Italy's Berlusconi in U.S., Seeking Votes Back Home

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Italian Prime Minister Silvio Berlusconi, facing elections in April, visits Washington for a news coverage boost. He met with President Bush Tuesday and makes the rounds on Capitol Hill Wednesday.


This is MORNING EDITION, from NPR News. I'm Steve Inskeep.


And I'm Renee Montagne.

Italy's Prime Minister Silvio Berlusconi addresses a joint meeting of Congress today. It's part of a whirlwind tour of Washington that began yesterday at the White House, where the Italian leader met with President Bush.

Both men have seen their poll standings decline because of opposition to the war in Iraq. But unlike the U.S. President, the Italian Prime Minister is up for reelection.

NPR's David Green reports.

DAVID GREEN reporting:

The two leaders appeared in the Oval Office, just as Iraqi authorities were reporting that dozens more people had been killed on another day of violence. Mr. Bush has always been known for his optimism on Iraq, but he told reporters that Iraq has reached a defining moment.

President GEORGE W. BUSH: And now the people of Iraq and their leaders must make a choice.

UNIDENTIFIED WOMAN: (Translating in Italian)

President BUSH: The choice is chaos...

UNIDENTIFIED WOMAN: (Translating in Italian)

President BUSH: ...or unity.

UNIDENTIFIED WOMAN: (Translating in Italian)

President BUSH: The choice is a free society or a society dictated by the, by evil people who will kill innocents.

UNIDENTIFIED WOMAN: (Translating in Italian)

GREEN: The President seemed eager to move things along. At one point he told the Italian translator she didn't need to continue.

President BUSH: So I look forward to a good, consistent review. You don't need to interpret this U.S. question.

GREEN: Berlusconi was asked if his thinking on Iraq has changed or whether Italy still plans to bring all Italian troops home in 2006. The Prime Minister said he believes Iraqi security forces are ready to take over.

Prime Minister BERLUSCONI (Italy): (Speaking in Italian)

UNIDENTIFIED WOMAN: (Translating) So, as far as the Province which is under our control is concerned, we have 3,000 soldiers there. Troops which will be withdrawn by the end of this year, but we have trained 10,000 law enforcement people who can guarantee the respective peace.

GREEN: But it's possible that Berlusconi won't be in office to oversee the withdrawal. He faces a tough election on April 9th, and trails in the polls.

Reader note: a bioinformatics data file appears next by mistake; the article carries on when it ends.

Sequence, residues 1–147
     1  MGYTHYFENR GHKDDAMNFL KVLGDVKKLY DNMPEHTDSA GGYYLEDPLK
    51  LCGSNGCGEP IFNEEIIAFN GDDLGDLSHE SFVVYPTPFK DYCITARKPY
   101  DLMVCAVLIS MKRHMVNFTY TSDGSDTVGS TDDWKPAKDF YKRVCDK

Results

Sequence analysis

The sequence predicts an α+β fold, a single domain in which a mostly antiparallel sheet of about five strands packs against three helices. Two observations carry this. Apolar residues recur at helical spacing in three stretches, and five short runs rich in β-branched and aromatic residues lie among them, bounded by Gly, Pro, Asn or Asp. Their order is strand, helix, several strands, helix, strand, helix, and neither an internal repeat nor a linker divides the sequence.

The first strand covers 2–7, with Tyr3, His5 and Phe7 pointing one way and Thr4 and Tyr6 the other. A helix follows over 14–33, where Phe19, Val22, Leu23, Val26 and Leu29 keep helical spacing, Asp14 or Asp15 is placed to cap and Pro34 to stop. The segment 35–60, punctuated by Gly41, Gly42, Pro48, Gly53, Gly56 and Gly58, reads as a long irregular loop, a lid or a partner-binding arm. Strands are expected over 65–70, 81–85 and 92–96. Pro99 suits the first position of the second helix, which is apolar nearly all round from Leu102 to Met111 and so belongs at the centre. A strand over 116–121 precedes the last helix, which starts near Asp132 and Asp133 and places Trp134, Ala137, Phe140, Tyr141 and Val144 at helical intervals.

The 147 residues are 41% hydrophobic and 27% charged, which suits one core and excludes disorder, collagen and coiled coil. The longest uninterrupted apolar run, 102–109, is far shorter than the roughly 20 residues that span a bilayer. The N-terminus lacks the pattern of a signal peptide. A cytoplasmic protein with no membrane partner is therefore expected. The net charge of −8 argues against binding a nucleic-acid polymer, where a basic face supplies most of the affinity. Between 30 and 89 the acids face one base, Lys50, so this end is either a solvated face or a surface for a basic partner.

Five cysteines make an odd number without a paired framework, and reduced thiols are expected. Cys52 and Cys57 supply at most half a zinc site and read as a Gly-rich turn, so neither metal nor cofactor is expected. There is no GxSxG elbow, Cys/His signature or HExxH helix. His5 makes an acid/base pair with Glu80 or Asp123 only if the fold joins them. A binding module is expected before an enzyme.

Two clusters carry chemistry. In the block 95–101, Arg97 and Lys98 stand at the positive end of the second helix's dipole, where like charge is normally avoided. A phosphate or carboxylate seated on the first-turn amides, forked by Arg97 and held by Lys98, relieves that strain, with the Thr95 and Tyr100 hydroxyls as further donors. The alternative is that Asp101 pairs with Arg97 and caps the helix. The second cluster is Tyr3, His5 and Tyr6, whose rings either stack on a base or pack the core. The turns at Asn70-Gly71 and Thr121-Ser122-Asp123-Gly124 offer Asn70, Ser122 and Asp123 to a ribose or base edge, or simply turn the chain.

Charles Kupchan, a European analyst on the Council of Foreign Relations, says Berlusconi's first offense was to mount a media blitz.

Mr. CHARLES KUPCHAN (Senior Fellow, Council of Foreign Relations): He number one put himself on television, night after night, and he was able to do that because is the head of media companies that enables him to exercise influence over who they put on. And in the context of that effort to get attention to shake the trees, as it were, he called himself Napoleon, compared himself to Jesus.

GREEN: The Italian leader has denied that he compared himself to Christ, saying it was a misunderstanding.

But right now, he's having more trouble getting attention. As the election nears, Italian law requires equal air time for all candidates, unless one attracts news coverage on official business--such as a visit to the U.S.

UNIDENTIFIED MAN: (Italian spoken)

GREEN: The anchor on this, Italy's highest rated news program, quotes Mr. Bush saying, "Berlusconi is a strong Prime Minister", and the video shows them together at the White House.

Indeed, Berlusconi hopes his time in Washington will keep him on the airwaves at home. He's not alone on counting on a boost from a road trip. President Bush lands today in New Delhi on a six-day tour of south Asia.

A new CBS poll this week shows Mr. Bush's approval rating at an all-time low of 34 percent; and while he's not running for reelection, lawmakers in his party are.

David Green, NPR News, the White House.

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